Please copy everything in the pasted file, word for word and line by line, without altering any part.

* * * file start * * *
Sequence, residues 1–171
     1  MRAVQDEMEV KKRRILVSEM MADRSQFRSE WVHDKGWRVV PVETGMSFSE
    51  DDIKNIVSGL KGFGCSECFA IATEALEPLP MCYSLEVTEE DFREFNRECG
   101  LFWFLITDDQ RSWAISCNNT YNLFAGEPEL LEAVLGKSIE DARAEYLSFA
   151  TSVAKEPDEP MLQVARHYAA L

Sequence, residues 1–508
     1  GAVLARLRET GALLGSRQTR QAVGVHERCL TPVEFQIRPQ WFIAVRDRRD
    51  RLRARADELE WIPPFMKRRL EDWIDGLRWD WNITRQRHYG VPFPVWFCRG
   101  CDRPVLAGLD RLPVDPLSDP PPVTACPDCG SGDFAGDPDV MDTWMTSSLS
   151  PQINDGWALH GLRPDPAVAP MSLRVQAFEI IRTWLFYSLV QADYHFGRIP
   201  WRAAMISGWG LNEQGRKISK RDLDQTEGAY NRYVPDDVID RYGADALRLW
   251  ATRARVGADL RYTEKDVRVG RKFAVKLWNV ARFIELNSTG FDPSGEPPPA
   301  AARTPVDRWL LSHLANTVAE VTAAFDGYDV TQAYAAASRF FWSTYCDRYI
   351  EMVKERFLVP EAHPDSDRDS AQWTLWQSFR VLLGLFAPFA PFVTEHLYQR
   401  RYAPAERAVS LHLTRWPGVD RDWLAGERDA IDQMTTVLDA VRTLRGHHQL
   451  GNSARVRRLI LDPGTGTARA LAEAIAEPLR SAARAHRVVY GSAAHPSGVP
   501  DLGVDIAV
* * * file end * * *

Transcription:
Sequence, residues 1–171
     1  MRAVQDEMEV KKRRILVSEM MADRSQFRSE WVHDKGWRVV PVETGMSFSE
    51  DDIKNIVSGL KGFGCSECFA IATEALEPLP MCYSLEVTEE DFREFNRECG
   101  LFWFLITDDQ RSWAISCNNT YNLFAGEPEL LEAVLGKSIE DARAEYLSFA
   151  TSVAKEPDEP MLQVARHYAA L

Sequence, residues 1–508
     1  GAVLARLRET GALLGSRQTR QAVGVHERCL TPVEFQIRPQ WFIAVRDRRD
    51  RLRARADELE WIPPFMKRRL EDWIDGLRWD WNITRQRHYG VPFPVWFCRG
   101  CDRPVLAGLD RLPVDPLSDP PPVTACPDCG SGDFAGDPDV MDTWMTSSLS
   151  PQINDGWALH GLRPDPAVAP MSLRVQAFEI IRTWLFYSLV QADYHFGRIP
   201  WRAAMISGWG LNEQGRKISK RDLDQTEGAY NRYVPDDVID RYGADALRLW
   251  ATRARVGADL RYTEKDVRVG RKFAVKLWNV ARFIELNSTG FDPSGEPPPA
   301  AARTPVDRWL LSHLANTVAE VTAAFDGYDV TQAYAAASRF FWSTYCDRYI
   351  EMVKERFLVP EAHPDSDRDS AQWTLWQSFR VLLGLFAPFA PFVTEHLYQR
   401  RYAPAERAVS LHLTRWPGVD RDWLAGERDA IDQMTTVLDA VRTLRGHHQL
   451  GNSARVRRLI LDPGTGTARA LAEAIAEPLR SAARAHRVVY GSAAHPSGVP
   501  DLGVDIAV